It is brutal out there for those working in editorial. From pivots to video and extensive layoffs, job security is an illusion. While that is depressing and many people will find no solace in this, journalists and editors are an in-demand workforce. This is because content is now among the most valuable marketing tools for any company.
I do sincerely hope that journalism thrives and those out of work find (or start) the next great journalistic enterprise. But for those that don’t, a new career awaits.
And for companies looking to bolster their marketing departments, here are a couple of reasons why you should look to journalists for their next job opening.
- Content is the lifeblood of a modern marketing organization. The average consumer’s attention is spread out over an almost incalculable amount of sources. And they have particular needs without having a high criterion of how someone meets those needs. They may want to be entertained… or informed… or shocked… or brought to tears. While it’s not always easy for a brand to do that, it’s not impossible.
- They bring a new mentality. It’s not shocking to point out that brands can sometimes get into trouble and obfuscate their way out of it. They usually get figured out and, as we learned from Watergate, the coverup is worse than the crime. Journalists can imbue within the organization a sense that the truth is advisable and can be used to one’s advantage.
- They don’t bullshit. Companies can often get lost in and in love with the mythos of their brand. Storytelling gets lost. A journalist cannot repeatedly mail in a story and keep his or her job. He or she can tell you when your brand is not resonating and likely why.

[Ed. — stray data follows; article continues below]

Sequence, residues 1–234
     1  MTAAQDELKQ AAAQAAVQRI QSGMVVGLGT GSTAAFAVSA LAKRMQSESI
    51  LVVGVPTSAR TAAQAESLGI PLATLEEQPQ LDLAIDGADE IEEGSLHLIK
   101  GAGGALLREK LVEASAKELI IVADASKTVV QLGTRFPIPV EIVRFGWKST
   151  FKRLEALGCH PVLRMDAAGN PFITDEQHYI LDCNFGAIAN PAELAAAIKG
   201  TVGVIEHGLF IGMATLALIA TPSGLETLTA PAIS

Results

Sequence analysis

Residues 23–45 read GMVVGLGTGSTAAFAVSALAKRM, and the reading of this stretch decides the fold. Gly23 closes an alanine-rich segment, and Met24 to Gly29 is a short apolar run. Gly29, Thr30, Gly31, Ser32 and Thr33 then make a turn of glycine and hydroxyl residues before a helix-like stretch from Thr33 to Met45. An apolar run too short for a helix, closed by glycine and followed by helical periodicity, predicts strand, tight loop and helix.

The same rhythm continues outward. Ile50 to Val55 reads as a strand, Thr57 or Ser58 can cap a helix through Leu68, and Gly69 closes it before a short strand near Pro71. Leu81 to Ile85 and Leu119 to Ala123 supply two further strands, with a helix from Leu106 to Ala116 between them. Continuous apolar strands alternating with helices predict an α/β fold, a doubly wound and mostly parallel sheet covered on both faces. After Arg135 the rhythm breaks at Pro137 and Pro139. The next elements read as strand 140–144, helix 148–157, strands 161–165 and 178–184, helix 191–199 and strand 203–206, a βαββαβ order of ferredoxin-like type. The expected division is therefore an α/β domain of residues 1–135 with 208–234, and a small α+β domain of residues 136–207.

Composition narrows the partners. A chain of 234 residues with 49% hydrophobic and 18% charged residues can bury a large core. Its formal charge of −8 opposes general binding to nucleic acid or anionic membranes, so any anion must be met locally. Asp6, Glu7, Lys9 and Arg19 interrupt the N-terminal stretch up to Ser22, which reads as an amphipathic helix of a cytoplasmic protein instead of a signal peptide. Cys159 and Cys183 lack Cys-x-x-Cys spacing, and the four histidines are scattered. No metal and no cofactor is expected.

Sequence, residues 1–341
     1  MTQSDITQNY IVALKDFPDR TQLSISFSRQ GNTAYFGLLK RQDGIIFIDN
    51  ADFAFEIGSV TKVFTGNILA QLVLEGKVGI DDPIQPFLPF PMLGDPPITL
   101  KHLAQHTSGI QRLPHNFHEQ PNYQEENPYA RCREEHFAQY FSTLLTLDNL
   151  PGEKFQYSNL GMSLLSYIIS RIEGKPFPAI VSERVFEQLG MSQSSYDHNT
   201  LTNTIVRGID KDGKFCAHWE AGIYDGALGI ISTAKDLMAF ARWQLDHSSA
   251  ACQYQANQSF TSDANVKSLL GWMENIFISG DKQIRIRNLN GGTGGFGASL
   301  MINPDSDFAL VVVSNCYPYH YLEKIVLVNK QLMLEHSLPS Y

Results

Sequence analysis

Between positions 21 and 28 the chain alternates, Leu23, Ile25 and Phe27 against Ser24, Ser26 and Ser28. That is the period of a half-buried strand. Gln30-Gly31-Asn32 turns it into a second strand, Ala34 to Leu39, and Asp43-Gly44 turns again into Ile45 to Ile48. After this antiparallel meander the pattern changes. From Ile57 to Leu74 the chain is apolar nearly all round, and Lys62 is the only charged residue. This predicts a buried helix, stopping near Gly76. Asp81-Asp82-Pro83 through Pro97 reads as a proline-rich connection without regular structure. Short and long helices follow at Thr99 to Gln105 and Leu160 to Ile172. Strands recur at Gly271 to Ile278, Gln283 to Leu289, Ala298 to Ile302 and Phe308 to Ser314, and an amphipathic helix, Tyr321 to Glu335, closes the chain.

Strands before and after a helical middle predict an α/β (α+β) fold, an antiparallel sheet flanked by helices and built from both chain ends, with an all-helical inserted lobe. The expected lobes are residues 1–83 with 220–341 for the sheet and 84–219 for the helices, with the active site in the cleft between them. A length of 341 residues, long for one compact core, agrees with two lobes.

- They are sponges. Journalists are curious by nature. If you want someone who is going to be determined to learn every day, you often cannot find a better fit than a person who has taught his or herself how to understand entirely new industries just through research and dedication.
- The job’s the thing. While the traditional path of promotion for writers is to become an editor, not all (in fact many) do not want to be editors. Managing career paths is a challenge for all industries, but it’s especially prevalent in media. Some just want to grow their stature as a writer and obviously make more money. In a marketing department beset with ego and title hawking, you can have a dedicated worker who just wants to do good work and be paid fairly without needing to manage people or have the loftiest title.
Of course, there are exceptions to this rule, but you’ll find a lot of journalists embody the above. It’s definitely a buyers market for editorial talent, but don’t take it for granted. Smarter companies have been hiring journalists for a long time. If you haven’t started, now is the time.